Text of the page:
Kirbyjon Caldwell

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Kirbyjon H. Caldwell is pastor of Windsor Village United Methodist Church, a 14,000-member megachurch at Windsor Village in Houston, Texas. He was one of President George W. Bush's spiritual advisors.[citation needed]

Background[edit]

Caldwell was born in 1953 in Houston. His father was a tailor who made suits for James Brown, The Temptations and other celebrities. His mother was a high-school guidance counselor. His family lived in the Kashmere Gardens neighborhood of Houston, and Caldwell graduated from Kashmere High School.[1]

He attended Carleton College, receiving a B.A. in economics in 1975. Caldwell then attended the Wharton School of Business, receiving an M.B.A. degree in 1977. He worked briefly as an investment banker at First Boston in New York City before returning to Houston for a job at the bond firm of Hibbard, O'Conner and Weeks.

Caldwell felt called to Christian ministry,[citation needed] attending the Perkins School of Theology at Southern Methodist University and receiving a masters in divinity in 1981. While working on his degree, Caldwell was appointed associate pastor at St. Mary's United Methodist Church in Houston. He has been a member of the Continental Airlines board of directors since May 1999.[2]

Pastorate[edit]

Caldwell was appointed senior pastor of the Windsor Village United Methodist Church in 1982; at the time, the congregation was 25 members.[citation needed] Through a friend of his father (Skipper Lee Frazier, who had managed Archie Bell & the Drells), Caldwell began a public access television program which enabled him reach a wider audience and increase his congregation.[citation needed] His sermons attracted primarily middle-class African-American families, but also Evander Holyfield, Warren Moon, André Action Jackson and Star Jones.[citation needed]

A major theme in Caldwell's preaching has been the need for his congregation to follow Jesus Christ's example with active involvement in community service. He retooled the Windsor Village United Methodist Church into a community help center. Nonprofit organizations begun by the church include Patrice House, a shelter for abused children; a tutoring program for schoolchildren, and a program matching teenagers with mentors.[citation needed] Windsor Village United Methodist Church had 7,000 members by 1994, and 11,000 by 1996.[citation needed]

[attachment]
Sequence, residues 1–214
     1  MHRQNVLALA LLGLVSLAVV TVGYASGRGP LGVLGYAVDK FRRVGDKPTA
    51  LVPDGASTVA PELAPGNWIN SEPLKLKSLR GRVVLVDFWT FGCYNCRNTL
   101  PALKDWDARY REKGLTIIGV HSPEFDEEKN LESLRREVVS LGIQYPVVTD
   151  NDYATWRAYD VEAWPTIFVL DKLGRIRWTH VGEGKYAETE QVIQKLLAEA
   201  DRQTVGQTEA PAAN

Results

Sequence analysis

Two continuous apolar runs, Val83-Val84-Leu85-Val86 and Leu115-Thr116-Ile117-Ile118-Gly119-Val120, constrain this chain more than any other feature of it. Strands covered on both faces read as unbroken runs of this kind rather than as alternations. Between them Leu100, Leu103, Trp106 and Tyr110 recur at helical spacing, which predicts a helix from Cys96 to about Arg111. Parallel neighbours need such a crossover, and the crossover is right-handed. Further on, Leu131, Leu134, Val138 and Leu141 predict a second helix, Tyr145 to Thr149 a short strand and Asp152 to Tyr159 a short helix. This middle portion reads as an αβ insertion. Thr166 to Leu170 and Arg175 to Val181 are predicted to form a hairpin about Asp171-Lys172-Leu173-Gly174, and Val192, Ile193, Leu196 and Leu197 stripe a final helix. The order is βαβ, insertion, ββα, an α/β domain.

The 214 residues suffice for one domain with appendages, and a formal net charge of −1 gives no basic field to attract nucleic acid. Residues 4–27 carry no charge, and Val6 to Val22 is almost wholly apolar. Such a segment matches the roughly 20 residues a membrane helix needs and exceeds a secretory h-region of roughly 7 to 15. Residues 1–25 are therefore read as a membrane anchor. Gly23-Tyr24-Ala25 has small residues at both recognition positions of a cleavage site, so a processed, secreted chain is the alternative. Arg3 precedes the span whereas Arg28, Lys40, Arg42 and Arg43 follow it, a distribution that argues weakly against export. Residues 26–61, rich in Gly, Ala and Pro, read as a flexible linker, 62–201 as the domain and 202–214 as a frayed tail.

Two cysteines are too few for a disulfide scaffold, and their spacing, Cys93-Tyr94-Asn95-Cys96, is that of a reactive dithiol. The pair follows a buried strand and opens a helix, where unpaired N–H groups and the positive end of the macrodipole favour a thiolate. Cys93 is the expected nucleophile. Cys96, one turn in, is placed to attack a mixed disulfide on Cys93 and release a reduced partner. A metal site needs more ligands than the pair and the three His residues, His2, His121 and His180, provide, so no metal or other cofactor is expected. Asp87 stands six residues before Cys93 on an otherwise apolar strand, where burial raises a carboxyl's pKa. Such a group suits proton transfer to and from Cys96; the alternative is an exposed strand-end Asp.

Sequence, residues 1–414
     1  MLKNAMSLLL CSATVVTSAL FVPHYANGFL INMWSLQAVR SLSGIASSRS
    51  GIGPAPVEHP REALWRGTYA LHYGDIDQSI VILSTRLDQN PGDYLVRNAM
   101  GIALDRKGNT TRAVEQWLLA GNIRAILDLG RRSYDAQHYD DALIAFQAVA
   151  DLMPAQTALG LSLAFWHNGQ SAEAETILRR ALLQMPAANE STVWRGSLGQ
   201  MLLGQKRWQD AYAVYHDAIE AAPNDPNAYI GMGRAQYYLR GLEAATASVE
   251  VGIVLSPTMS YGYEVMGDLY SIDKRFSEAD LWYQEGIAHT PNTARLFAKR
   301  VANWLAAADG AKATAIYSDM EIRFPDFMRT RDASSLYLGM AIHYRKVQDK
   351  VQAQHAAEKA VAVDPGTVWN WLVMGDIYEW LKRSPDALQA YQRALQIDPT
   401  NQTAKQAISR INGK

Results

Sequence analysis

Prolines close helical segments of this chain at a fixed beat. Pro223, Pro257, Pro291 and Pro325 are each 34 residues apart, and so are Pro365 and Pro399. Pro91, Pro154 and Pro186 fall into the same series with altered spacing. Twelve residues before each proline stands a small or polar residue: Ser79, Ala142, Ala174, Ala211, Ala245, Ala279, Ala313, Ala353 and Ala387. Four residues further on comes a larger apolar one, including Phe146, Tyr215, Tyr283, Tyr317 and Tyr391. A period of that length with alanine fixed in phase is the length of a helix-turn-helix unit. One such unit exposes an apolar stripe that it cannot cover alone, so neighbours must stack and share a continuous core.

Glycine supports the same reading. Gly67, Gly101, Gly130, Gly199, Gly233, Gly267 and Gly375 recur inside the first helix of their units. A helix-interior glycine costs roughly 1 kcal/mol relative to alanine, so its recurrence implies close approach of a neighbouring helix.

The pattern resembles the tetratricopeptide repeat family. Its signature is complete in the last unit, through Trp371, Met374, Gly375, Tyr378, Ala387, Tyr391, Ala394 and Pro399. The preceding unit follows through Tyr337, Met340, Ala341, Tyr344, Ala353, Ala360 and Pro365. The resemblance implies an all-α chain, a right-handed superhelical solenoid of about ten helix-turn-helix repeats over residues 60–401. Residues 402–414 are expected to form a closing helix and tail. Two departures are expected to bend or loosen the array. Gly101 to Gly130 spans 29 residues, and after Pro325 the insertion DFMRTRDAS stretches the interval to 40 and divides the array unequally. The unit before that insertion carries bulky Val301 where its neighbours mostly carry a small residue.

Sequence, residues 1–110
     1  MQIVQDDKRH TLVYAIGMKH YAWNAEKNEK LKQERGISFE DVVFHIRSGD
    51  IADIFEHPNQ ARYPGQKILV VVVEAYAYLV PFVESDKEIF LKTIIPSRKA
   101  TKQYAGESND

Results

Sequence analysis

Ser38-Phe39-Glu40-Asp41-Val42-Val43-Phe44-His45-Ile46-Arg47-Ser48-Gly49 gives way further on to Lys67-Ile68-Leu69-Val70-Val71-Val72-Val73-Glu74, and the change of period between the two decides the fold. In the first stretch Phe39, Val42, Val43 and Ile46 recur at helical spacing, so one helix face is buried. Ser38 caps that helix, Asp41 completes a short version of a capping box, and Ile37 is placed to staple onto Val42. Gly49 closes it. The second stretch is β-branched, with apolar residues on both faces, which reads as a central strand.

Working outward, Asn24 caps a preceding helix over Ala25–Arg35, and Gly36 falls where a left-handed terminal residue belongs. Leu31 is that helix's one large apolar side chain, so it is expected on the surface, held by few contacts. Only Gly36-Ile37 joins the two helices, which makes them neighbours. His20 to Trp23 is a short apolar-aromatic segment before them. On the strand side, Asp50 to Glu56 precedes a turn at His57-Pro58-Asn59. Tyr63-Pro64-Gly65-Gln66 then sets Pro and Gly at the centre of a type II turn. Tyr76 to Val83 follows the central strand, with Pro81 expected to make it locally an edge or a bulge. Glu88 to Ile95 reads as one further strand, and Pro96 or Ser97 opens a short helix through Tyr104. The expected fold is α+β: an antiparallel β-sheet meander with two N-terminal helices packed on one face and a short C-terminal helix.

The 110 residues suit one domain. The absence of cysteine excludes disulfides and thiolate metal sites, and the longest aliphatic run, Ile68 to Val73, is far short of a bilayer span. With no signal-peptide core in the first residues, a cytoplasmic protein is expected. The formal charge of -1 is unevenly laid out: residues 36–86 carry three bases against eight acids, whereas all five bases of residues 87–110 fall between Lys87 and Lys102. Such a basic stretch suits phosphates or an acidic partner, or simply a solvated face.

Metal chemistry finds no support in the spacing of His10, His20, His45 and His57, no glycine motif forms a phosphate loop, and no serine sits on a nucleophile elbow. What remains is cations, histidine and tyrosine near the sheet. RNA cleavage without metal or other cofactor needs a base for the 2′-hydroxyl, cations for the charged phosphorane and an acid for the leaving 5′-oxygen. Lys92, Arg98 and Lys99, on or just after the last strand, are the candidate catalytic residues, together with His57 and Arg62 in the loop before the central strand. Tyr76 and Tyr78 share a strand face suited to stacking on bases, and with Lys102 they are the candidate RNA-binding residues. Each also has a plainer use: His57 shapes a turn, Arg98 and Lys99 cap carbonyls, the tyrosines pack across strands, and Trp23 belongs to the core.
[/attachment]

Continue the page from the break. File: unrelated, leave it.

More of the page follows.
To accommodate the congregation, in 1993 the church purchased a former Kmart in an impoverished area of Houston and renovated it as the Power Center (for the retailing term "power center").[citation needed] In addition to worship space, the Power Center includes a school, a medical clinic, satellite classrooms for a local community college, low-cost office space, a branch of the Texas Commerce Bank (there were previously no banks in the neighborhood), a WIC nutrition program and an AIDS outreach center. The Power Center's mission is to create jobs in the low-income neighborhood and teach members of the neighborhood to create wealth. Its motto is Isaiah 61.4: "They shall repair the ruined cities and restore what has long lain desolate".

The Gospel of Good Success[edit]

In 1996 the Wall Street Journal ran a front-page story on Caldwell,[citation needed] which prompted Simon & Schuster to approach him about a book. The 1999 book, co-authored with Mark Seal, was The Gospel of Good Success: A Road Map to Spiritual, Emotional, and Financial Wholeness[citation needed] and describes Caldwell's theories on economic empowerment and success.

Relationship with George W. Bush[edit]

In 1996 George W. Bush, then governor of Texas, saw an article on Caldwell in the Dallas Morning News and contacted him.[citation needed] Bush spoke at the 1996 opening of the Power Center, and they agreed that a partnership between religious organizations and government could have positive social results. Although Caldwell is a political independent, in 2000 Bush asked Caldwell to introduce him at the 2000 Republican National Convention.[citation needed]